Beneath the hood of our humming economy are middle class American households in financial precariousness. Wall Street has recovered since the financial crisis, but Main Street is still struggling to get back on its feet.

When considering the health of our macro-economy, that assertion may seem like a farce, and conservatives may call criticism of the flourishing economy under our “supreme leader” heresy. Although I’d be remiss to not clarify that my contention is what belies a booming economy is a financially ill-prepared American working class.

Statistics support the hypothesis that in the event of an economic downturn, many Americans would be in dire financial straits.

To numb the ire of hardline conservatives, many macro-economic statistics point to a strong economy that any nuanced opinion could not be without. One of the most important measures of the overall health of the economy is GDP growth. Fueled by corporate tax cuts, GDP growth was an astounding 4.2 percent during the second fiscal quarter of 2018. For reference, the quarterly GDP growth rate hasn’t been that good since the third quarter of 2014 when it was at 5 percent.

The unemployment rate, unadjusted for structural or underemployment, hit a 49-year low at 3.7 percent in September 2018. With a labor market as hot as it has been over the past few quarters, American workers have had more choice in where they work. There’s more opportunity to transition careers without fear of finding a job.

Furthermore, individual taxes have gone down thanks to the Tax Cuts and Jobs Act. Moreover, nonfarm employee wages have been increasing. Since hitting a trough in 2012 at 1.51 percent, nominal wage growth hit nearly a decades long high at 2.92 percent in August. Median household income peaked in 2017 at $61,372, having rebounded substantially since 2010 when it was $49,276.

So, why would I be so pessimistic on economic outlook when macro numbers are so overwhelmingly positive? Is it that I hate to see President Donald Trump succeed?

Of course not, but I wish the president would take a closer look at the financial health of the average American household. Household debt has skyrocketed to a record high, having eclipsed $133,000 per household and $13.3 trillion total.

Student loan debt per household has more than doubled in the past decade up $2,900 from October 2007 to October 2017. Total student loan debt has ballooned to an unsustainably high level at over $1.5 trillion total with default rates currently at 10.8 percent. Experts predict that by 2023, a harrowing nearly 40 percent of borrowers are expected to default on their student loans.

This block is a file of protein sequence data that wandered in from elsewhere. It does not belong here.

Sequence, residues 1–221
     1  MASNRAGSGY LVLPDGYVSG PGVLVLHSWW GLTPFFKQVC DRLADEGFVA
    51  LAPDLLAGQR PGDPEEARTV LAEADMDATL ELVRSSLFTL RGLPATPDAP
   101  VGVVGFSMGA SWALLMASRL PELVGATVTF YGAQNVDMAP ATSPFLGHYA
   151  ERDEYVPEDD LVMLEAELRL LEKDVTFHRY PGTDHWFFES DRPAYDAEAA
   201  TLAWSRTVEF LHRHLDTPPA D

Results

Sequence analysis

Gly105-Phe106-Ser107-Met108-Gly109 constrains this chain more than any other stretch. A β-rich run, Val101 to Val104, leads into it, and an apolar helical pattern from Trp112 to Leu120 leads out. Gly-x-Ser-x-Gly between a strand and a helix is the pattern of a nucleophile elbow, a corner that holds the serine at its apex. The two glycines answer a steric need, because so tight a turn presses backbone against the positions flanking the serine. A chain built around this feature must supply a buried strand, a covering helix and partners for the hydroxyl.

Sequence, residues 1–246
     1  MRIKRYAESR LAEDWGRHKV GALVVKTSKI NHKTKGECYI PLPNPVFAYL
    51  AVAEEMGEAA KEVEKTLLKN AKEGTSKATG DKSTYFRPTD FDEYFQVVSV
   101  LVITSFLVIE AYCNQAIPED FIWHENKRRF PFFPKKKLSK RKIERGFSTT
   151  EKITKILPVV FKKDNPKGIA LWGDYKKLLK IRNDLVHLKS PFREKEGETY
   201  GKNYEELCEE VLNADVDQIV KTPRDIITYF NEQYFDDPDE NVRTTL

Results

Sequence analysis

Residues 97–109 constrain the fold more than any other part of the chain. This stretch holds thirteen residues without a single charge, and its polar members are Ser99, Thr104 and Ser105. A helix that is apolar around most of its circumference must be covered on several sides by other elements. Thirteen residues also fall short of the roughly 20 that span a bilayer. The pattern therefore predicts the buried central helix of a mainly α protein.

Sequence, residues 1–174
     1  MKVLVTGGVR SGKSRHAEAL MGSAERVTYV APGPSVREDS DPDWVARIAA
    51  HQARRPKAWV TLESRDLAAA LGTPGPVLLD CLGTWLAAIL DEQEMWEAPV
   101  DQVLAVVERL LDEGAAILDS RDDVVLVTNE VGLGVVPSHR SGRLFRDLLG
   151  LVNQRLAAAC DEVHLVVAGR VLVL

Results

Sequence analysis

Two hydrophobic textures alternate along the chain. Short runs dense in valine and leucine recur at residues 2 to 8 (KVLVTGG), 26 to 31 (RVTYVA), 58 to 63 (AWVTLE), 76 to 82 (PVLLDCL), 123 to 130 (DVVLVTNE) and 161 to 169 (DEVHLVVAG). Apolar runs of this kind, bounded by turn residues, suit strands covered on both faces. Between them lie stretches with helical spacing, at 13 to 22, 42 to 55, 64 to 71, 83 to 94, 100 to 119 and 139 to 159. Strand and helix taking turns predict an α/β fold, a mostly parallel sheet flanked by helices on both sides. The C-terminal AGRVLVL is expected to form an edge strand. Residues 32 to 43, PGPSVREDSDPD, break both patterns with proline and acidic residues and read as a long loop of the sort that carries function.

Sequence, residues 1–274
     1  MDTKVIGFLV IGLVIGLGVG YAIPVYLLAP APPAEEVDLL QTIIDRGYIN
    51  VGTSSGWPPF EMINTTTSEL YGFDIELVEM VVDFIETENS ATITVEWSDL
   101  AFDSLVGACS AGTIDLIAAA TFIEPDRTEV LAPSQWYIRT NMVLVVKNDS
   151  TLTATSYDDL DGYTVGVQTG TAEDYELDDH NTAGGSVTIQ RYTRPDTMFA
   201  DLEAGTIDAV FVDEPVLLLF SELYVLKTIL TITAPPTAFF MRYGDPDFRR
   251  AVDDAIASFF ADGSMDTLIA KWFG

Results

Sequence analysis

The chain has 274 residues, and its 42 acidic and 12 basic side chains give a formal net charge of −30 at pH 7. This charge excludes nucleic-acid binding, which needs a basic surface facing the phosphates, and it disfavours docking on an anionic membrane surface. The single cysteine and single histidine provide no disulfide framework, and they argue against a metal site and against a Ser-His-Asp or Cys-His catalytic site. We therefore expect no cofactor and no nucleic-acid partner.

Credit card debt has also risen since 2013. Car loan debt reached $4,520 as of October 2017 from a $2,950 trough in 2010. While households can service debt while the economy is doing well, how well will they be able to pay their mounting bills when the economy experiences a downturn? Only 54 percent of households could cover a $400 emergency bill without selling something or borrowing money. Yikes.

Unfortunately, American households are soon to be put to a test of financial resiliency.

Between the trade war and the Fed raising interest rates, most economists predict that the U.S. financial market will experience a market correction by the end of 2020. Optimistic predictions are for 2021 and pessimistic predictions are for 2019. Those are the two main factors, but the U.S. markets have a variety of foreign headwinds facing it, such as China’s slowing economic growth and Italy’s debt crisis.

While tax cuts provided a temporary boost to the overall economy, those effects will eventually wear off amidst unfavorable domestic and foreign market influences. Amidst a decelerating economy, Americans will be in an increasingly precarious financial position.

Interest rates will rise, which will make it harder for American households to service debt levels that are at record highs. The labor market will tighten as companies pull back on employment, possibly leading to layoffs and making it harder to get hired once fired.

Ignorance is bliss. The American public seems almost entranced by macro-economic figures disseminated by agenda-driven political actors and pundits, but few see the cliff ahead.

Patrick Gagen is a 21-year-old mass communication and finance senior from Suwanee, Georgia.

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